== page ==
Views from Phanfare CEO and Co-founder Andrew Erlichson

Link Surviving an Amazon S3 outage

We use Amazon S3 to store our 80 terabytes of photos and videos. We like the service and it works well. Yesterday, it went down for nearly 8 hours. And during that time, we were mostly up. Cloud computing is all the rage, but sometimes, the weather is really bad and you can’t see the clouds. We planned for that rainy day. Hence, on a day when Amazon S3 was entirely down, I was at the pool, literally. I will tell you about how we did it.

When users upload photos and videos, we first move them to our own servers. In the background, we send the data to S3. If Amazon S3 goes down, we can buffer data for up to two days before we notice. By buffering, we remove the real time requirements of Amazon S3 being up for our users to upload data. We can’t buffer indefinitely, but we are betting than an Amazon S3 outage longer than 2 days is very rare. We always believed short outages would occur. In fact this, is is not the first one.

For serving photos and videos, we act as our own content distribution network (CDN) and cache the hot data. That means that users can view most recent photos and videos, including what was recently uploaded.

All this caching and buffering is done outside of Amazon. We don’t use Amazon’s compute cloud (EC2) for that. We have considered moving more of our system to Amazon Web Services. It is unfortunate that EC2 was built to require S3 to be up in order for to it run. New instances are loaded from S3. So an S3 outage is correlated with an EC2 outage.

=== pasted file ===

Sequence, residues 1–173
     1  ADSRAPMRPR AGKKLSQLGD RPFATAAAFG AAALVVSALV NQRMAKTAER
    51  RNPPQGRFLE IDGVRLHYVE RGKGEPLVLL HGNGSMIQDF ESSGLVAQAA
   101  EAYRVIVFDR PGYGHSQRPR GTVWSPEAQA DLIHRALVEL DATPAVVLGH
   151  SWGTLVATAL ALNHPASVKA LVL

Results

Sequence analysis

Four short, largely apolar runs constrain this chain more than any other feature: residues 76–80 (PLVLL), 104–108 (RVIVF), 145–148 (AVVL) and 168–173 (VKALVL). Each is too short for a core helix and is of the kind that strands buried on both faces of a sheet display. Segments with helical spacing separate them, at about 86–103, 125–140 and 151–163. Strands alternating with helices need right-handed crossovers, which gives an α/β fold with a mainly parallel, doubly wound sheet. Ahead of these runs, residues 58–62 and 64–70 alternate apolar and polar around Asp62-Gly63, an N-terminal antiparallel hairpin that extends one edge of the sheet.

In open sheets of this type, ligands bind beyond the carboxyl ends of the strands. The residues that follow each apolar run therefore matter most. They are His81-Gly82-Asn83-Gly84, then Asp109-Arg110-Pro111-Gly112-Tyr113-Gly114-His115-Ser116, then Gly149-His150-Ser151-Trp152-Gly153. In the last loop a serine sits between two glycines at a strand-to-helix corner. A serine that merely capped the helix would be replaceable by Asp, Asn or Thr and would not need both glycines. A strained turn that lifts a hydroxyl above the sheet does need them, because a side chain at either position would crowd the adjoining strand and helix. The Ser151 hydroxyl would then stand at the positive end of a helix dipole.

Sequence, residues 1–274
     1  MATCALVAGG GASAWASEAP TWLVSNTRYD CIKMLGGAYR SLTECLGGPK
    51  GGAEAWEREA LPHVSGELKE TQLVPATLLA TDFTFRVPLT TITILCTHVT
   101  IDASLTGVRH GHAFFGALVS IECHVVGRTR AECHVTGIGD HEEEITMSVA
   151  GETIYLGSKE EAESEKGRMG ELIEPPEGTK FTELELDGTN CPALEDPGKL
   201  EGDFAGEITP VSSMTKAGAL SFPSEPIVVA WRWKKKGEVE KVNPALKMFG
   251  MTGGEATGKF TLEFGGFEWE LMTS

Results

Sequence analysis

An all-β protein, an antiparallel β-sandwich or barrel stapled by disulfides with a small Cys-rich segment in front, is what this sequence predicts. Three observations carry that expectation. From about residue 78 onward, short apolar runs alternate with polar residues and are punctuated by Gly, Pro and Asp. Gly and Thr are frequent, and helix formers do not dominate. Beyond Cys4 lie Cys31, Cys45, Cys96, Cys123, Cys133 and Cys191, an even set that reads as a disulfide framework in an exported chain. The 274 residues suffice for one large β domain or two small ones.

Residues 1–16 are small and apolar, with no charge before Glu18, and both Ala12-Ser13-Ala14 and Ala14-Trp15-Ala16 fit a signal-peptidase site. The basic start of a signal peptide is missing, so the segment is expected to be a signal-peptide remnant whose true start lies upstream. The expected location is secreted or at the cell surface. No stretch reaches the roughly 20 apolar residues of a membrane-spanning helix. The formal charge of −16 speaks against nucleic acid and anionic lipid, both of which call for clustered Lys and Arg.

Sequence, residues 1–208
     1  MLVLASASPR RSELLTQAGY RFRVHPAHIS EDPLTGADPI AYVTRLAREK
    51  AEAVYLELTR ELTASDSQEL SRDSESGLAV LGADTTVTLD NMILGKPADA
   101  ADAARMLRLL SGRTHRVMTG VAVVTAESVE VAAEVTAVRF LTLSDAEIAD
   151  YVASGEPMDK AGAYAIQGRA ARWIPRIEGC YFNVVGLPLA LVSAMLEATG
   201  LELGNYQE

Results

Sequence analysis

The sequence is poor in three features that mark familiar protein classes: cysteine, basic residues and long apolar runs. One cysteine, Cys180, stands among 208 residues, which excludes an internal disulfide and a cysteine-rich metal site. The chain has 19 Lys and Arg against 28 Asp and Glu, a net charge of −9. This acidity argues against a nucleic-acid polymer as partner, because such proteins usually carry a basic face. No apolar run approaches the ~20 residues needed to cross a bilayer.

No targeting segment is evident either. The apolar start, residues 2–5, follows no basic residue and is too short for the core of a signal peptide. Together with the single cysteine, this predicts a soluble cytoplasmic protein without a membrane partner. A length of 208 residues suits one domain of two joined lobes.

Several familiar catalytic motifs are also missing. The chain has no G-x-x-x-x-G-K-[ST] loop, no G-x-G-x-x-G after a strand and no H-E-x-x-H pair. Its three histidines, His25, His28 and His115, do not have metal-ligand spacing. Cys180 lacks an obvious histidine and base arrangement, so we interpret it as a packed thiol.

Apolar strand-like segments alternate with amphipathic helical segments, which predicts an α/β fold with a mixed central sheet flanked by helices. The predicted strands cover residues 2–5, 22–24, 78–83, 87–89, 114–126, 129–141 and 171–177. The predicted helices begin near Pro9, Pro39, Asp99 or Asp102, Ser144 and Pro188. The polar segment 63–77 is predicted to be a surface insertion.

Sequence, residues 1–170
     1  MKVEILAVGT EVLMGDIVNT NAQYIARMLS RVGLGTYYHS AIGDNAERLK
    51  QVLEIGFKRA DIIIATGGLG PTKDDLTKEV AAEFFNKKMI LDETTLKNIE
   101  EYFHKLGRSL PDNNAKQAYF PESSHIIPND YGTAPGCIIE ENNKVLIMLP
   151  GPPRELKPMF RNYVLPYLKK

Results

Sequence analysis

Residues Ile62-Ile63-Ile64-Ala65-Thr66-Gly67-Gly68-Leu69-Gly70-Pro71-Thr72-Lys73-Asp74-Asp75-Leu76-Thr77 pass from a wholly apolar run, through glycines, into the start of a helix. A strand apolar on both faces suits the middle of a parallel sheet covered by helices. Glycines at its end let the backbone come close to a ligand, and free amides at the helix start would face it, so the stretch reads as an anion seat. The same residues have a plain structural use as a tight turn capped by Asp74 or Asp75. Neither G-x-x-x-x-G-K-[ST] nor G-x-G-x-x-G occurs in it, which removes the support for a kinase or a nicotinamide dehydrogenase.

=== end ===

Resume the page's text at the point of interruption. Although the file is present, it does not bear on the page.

Photo and video sharing services that did not plan for S3 outages were completely down yesterday. We estimate that most of the cost savings for our business comes from outsourcing the storage. While we could save some additional money by using EC2, it is not as dramatic as the S3 savings. Hence, we will have to carefully consider before we put all our eggs in that basket.

  • http://www.bradmurray.com Brad

    I don’t understand why Amazon doesn’t bolt a shell like that onto S3. It seems that anybody using S3 seriously has to do it themselves which makes it just another hurdle to obtaining larger partners. I understand that it is a complicated system (regardless of the name), but the interface should be simple (which it pretty much is) and it should be rock-solid (which it isn’t). I’ve been evaluating this since pre-beta and I still don’t feel that it is worth the cost or risk. I currently store my own stuff much cheaper, but I have the management headache that I’d love to outsource. My biggest concern to this day is that they still charge .15/GB/month which they charged almost two years ago. My costs have been cut in half since then.

  • Ben C

    THIS is why I host my photos and videos on Phanfare rather than that “not-so-smug now are we” competitor of yours! Good job Phanfolks!!

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  • Brad

    Ben – Was Smug down because of S3? I know they do a lot of rendering and stuff on EC2 and my understanding is that EC2 was down because of the S3 outage.

  • anand

    hi andrew-
    quick question, i remember your post from a year ago where you explained that s3 was only used for backup/archiving. is s3 now being used as primary storage with phanfare’s DC used for hot storage? (if so, was this a result of amazon’s SLA for s3?) sorry if you already explained this somewhere.

    thanks

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